Sharing Health News with Your Clients

Are you sharing health news with your clients and patients at your website? Probably not.

Here are the three main reasons that you are probably not sharing medical news with your patients:

  • You don’t have a blog. While we have not been able to determine how many health and wellness professionals have blogs, we know it’s the minority. We can therefore assume that most of our readers don’t have a blog. They should.
  • If you have a blog, you may hesitate to share medical news with your readers because you want to wait until the controversy on the subject is settled. There is pretty much always controversy over medical news.
  • You think of medical news as useful for professionals, not for your patients or clients.

But your patients or clients are getting medical news online, and they want more.

Your patients want medical news.

According to a study of the kind of news American adults find most interesting by Pew Research, 52% of American women list medical news and information among their top three interests. 66% of American adults overall  list health and medical news as a subject they find interesting. This is actually the #1 topic, beating out local events, politics, celebrities, and sports for the highest level of interest.

But, according to the same report, less than 10% of the content in major online news sources is related to health.

Reporters aren’t always good at medical news.

Major online news sources don’t always do a good job of reporting medical news. One of our favorite examples is “The Perfect Human is Puerto Rican” in “Bits of DNA: Reviews and Commentary on Computational Biology.” The post is a discussion of a mathematical model of human DNA which excluded “bad” alleles — genes associated with genetic disorders or characteristics generally considered negative. The point being made is actually about racial bias in research.

Look at some of the headlines reporters used to discuss this article:

  • Biologist Says Puerto Rican Women Possess Ideal Genotype
  • Berkeley Biologist: Puerto Ricans Are Closest To Perfect Physical Specimens
  • New Study Reveals The Perfect Human Genetically Speaking
  • Puerto Ricans are perfect, says a Berkeley biologist
  • Science Proves Jennifer Lopez to Be a Near Perfect Human

When your patients come in saying they’re eating chia seed pudding to combat inflammation or giving up flossing their teeth because a headline told them they didn’t need to, don’t you wish they were reading what you have to say about health news instead?

Social media is a major news source, especially for millennials.

Your young patients are highly likely to get most of their news through social media. They often don’t click through and read the full story (in fact, the Washington Post says 60% of us are guilty of that). If they see “Is It Time to Toss the Floss?” they may just go with it. And share it with all their friends.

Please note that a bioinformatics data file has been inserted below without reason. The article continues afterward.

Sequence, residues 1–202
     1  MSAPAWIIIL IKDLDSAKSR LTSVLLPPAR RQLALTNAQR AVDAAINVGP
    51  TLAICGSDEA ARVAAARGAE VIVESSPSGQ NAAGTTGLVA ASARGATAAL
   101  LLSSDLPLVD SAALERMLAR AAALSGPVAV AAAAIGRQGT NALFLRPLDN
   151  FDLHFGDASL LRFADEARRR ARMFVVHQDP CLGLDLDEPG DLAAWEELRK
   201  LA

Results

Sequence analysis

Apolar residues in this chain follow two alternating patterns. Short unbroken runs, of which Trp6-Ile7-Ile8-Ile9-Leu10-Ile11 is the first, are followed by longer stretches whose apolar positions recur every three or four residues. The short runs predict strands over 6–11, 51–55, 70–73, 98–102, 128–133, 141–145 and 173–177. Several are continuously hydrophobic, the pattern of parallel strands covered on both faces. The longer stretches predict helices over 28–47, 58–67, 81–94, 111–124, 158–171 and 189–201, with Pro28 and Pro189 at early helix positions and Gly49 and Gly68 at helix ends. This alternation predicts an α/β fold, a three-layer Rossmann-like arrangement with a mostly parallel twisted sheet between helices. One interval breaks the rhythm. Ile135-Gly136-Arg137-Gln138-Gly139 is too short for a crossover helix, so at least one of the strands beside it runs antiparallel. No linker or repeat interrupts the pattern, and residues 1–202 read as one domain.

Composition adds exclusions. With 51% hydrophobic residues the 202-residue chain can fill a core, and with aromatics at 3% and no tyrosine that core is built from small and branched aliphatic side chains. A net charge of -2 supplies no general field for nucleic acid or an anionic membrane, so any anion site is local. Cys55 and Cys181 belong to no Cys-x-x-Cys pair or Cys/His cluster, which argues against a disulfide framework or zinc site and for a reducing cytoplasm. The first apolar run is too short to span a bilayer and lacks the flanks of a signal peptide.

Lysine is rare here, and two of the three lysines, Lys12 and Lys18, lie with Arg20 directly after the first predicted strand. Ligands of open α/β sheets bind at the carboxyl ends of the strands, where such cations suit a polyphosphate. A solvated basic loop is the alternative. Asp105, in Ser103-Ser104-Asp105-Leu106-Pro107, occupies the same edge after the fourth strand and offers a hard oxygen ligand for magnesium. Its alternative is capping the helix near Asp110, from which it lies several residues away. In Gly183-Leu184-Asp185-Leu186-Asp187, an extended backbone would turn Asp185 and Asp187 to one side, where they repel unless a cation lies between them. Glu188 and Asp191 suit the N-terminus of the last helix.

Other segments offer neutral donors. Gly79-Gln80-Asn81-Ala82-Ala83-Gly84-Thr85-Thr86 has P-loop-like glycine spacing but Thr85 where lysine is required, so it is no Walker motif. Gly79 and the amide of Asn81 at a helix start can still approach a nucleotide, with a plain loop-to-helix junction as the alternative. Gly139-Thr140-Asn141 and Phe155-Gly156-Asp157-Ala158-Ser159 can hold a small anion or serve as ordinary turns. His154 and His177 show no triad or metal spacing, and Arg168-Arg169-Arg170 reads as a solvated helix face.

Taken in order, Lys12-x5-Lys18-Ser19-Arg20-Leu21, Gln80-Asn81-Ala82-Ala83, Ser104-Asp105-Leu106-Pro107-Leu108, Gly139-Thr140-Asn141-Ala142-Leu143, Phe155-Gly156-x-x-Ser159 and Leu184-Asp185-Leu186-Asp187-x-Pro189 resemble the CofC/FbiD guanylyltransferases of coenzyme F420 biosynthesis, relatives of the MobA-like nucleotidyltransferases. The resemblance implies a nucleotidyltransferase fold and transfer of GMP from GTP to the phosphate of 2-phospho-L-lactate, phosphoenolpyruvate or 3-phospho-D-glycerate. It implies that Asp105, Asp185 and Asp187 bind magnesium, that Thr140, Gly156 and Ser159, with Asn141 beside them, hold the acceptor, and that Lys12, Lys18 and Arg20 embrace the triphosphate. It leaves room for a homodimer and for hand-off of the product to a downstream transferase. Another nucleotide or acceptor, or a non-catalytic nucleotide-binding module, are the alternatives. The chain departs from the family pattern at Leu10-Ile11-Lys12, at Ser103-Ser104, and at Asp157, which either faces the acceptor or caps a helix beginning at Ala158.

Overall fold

Clicking through might tell them that the actual study found a need for better research rather than proof that people don’t need to floss their teeth. But they’re more likely to click through their dentist’s blog post clearly announcing in the excerpt that they should not give up the flossing habit. Especially if they have an appointment coming up.

You are their most trusted source of medical advice. You should also be their most trusted source of medical news.

Sharing medical news: how to

When you’re sharing medical news at your blog, follow these practical tips:

  • Be clear about controversy. When there’s less than full agreement on what a new study means or what a new drug can do, your blog should provide clear, balanced coverage of the arguments. That doesn’t mean that you have to stay neutral. You do need to present counter arguments fairly before you debunk them.
  • Share your sources. Link to the original report of the study, or the best source of available data. Your readers may not click through, but they’ll have the opportunity to do so.
  • Give your views. Your readers may appreciate being given enough information to make up their own minds. If you have a position, though, you should say it clearly. Skimmers will still get the message if you state “We follow the vaccination guidelines of the CDC” or “We follow the guidelines of the American Cancer Society” with a link to those sources.
  • Stay HIPAA compliant. Share your experience, but make sure that you don’t tell a story that lets readers identify any of your patients or clients. “We saw a young man who doesn’t floss just this morning and he’s scheduled for a root canal next week” is too much information.

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